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one. Do not multitudes pursue, said he, infinite objects of desire, acknowledged; every one of them, to be in no respect necessaries? Exquisite viands, delicious wines, splendid apparel, curious gardens, magnificent apartments adorned with pictures and sculptures; music and poetry, and the whole tribe of elegant arts? It is evident, said I. If it be, continued he, it should seem, that they all considered the Chief or Sovereign Good not to be that which conduces to bare existence or mere being; for to this the necessaries alone are adequate. I replied, they were. But if not this, it must be somewhat conducive to that, which is superior to mere being. It must. And what, continued he, can this be, but wellbeing, under the various shapes in which different opinions paint it? Or can you suggest any thing else? I replied, I could not. Mark here, then, continued he, another preconception, in which they all agree; the Sovereign Good is somewhat conducive, not to mere being, but to wellbeing. I replied, it had so appeared.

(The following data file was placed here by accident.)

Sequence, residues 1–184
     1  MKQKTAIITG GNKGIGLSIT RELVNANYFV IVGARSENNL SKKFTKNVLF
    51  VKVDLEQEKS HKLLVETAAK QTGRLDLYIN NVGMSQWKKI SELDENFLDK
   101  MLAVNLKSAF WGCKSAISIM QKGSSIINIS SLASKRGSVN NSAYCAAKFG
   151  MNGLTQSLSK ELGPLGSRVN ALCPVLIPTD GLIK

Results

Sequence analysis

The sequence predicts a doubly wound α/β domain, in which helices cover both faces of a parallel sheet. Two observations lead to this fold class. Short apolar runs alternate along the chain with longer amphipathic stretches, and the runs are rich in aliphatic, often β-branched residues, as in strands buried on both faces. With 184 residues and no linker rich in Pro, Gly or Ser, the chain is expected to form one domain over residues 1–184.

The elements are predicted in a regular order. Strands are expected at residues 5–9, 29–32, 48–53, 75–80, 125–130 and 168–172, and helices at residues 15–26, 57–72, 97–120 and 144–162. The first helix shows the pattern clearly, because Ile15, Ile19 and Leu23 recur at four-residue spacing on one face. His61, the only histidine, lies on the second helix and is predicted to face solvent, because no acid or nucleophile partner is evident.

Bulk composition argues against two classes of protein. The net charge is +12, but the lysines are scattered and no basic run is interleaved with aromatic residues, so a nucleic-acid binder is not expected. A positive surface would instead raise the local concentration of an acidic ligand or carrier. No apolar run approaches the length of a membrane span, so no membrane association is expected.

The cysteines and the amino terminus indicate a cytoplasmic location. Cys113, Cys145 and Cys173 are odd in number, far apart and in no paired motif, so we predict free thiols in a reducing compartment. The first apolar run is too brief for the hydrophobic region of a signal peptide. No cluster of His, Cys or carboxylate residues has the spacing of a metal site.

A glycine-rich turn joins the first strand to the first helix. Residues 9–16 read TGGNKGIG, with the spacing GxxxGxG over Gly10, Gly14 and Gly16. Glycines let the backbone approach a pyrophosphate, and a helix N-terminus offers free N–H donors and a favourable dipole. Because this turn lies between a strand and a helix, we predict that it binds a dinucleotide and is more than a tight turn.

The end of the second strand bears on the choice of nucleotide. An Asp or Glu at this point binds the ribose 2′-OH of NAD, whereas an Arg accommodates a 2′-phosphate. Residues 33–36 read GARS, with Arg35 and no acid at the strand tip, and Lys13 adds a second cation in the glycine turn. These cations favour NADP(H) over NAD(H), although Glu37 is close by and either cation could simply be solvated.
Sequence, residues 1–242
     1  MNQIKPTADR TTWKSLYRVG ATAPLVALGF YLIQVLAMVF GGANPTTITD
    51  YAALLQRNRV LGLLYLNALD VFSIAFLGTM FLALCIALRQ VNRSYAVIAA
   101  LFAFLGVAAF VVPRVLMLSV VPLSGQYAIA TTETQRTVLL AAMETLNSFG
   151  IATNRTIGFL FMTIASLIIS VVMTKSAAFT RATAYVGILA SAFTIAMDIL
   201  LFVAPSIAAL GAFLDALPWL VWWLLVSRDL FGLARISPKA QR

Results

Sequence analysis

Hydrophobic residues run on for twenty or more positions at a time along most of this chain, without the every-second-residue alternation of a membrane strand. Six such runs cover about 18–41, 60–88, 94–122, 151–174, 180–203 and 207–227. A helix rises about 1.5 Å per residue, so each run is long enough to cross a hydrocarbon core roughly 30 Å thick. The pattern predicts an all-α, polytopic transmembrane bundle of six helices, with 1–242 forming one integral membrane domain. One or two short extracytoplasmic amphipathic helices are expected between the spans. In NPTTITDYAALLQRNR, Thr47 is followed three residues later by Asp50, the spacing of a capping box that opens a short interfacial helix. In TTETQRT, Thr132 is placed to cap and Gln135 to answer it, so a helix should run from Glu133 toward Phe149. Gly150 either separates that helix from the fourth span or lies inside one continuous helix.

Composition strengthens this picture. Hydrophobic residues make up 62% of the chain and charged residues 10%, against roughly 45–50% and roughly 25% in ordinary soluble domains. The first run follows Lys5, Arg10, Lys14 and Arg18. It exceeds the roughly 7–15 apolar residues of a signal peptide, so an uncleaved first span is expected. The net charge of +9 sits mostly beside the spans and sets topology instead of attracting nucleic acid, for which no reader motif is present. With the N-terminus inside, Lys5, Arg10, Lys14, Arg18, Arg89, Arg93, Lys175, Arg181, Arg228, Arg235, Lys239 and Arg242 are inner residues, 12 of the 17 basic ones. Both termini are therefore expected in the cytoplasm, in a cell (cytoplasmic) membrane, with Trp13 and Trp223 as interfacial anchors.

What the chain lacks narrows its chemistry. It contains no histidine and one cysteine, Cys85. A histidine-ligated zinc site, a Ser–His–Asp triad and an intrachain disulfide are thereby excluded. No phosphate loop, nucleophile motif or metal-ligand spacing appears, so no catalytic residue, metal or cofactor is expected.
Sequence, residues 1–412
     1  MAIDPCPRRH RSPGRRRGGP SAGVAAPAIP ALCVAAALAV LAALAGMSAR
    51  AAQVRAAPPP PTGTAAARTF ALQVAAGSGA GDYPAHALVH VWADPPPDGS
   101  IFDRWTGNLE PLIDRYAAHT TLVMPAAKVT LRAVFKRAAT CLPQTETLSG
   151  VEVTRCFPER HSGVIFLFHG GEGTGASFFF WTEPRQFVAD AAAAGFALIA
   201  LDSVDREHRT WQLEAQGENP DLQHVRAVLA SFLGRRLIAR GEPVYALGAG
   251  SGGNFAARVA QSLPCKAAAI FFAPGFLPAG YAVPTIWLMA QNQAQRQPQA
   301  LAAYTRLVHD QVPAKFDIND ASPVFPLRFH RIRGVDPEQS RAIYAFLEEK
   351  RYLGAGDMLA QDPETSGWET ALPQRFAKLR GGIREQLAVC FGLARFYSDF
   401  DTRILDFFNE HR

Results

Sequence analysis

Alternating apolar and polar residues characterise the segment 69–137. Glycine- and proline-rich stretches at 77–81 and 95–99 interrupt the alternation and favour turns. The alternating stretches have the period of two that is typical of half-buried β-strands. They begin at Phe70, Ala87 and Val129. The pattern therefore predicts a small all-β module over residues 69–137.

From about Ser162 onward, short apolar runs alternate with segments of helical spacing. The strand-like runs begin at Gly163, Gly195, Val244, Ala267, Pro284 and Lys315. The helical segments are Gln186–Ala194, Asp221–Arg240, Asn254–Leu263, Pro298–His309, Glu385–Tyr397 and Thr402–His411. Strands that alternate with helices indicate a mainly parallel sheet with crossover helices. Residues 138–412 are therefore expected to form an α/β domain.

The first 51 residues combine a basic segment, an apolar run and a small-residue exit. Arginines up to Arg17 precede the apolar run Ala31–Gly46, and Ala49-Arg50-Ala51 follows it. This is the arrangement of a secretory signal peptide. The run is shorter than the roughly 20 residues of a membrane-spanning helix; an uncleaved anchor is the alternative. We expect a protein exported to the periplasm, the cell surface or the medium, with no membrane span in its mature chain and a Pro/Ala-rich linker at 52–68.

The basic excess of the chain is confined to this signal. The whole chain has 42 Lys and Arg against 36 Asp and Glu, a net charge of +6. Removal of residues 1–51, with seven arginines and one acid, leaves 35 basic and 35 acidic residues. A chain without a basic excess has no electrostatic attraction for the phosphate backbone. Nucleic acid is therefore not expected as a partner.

Again, continued he. What labour, what expense, to procure those rarities, which our own poor country is unable to afford us! How is the world ransacked to it's utmost. verges, and luxury and arts imported from every quarter! Nay more: How do we baffle Nature herself; invert her order; seek the vegetables of spring in the rigours of winter, and winter's ice during the heats of summer! I replied, we did. And what disappointment, what remorse, when endeavours fail! It is true. If this then be evident, said he, it would seem, that whatever we desire as our Chief and Sovereign Good is something, which, as far as possible, we would accommodate to all places and times. I answered, so it appeared. See then, said he, another of it's charac-.. teristics, another preconception.